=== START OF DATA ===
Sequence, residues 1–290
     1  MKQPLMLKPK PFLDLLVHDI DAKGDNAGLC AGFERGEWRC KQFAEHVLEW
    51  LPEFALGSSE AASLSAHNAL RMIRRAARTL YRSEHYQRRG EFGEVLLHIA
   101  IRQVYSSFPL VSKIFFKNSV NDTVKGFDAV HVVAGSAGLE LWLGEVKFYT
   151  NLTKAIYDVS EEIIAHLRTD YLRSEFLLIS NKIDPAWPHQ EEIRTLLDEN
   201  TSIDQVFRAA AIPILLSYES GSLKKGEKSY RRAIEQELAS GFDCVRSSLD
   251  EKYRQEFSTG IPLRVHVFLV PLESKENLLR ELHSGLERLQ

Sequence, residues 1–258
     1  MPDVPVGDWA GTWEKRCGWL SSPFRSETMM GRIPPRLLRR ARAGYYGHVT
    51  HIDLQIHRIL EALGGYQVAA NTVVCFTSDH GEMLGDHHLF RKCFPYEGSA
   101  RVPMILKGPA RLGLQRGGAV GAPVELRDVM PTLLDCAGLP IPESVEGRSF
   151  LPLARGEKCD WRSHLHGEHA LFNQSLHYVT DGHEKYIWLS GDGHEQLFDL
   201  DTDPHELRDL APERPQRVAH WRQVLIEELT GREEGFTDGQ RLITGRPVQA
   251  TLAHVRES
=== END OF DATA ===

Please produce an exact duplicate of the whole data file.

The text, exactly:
Sequence, residues 1–290
     1  MKQPLMLKPK PFLDLLVHDI DAKGDNAGLC AGFERGEWRC KQFAEHVLEW
    51  LPEFALGSSE AASLSAHNAL RMIRRAARTL YRSEHYQRRG EFGEVLLHIA
   101  IRQVYSSFPL VSKIFFKNSV NDTVKGFDAV HVVAGSAGLE LWLGEVKFYT
   151  NLTKAIYDVS EEIIAHLRTD YLRSEFLLIS NKIDPAWPHQ EEIRTLLDEN
   201  TSIDQVFRAA AIPILLSYES GSLKKGEKSY RRAIEQELAS GFDCVRSSLD
   251  EKYRQEFSTG IPLRVHVFLV PLESKENLLR ELHSGLERLQ

Sequence, residues 1–258
     1  MPDVPVGDWA GTWEKRCGWL SSPFRSETMM GRIPPRLLRR ARAGYYGHVT
    51  HIDLQIHRIL EALGGYQVAA NTVVCFTSDH GEMLGDHHLF RKCFPYEGSA
   101  RVPMILKGPA RLGLQRGGAV GAPVELRDVM PTLLDCAGLP IPESVEGRSF
   151  LPLARGEKCD WRSHLHGEHA LFNQSLHYVT DGHEKYIWLS GDGHEQLFDL
   201  DTDPHELRDL APERPQRVAH WRQVLIEELT GREEGFTDGQ RLITGRPVQA
   251  TLAHVRES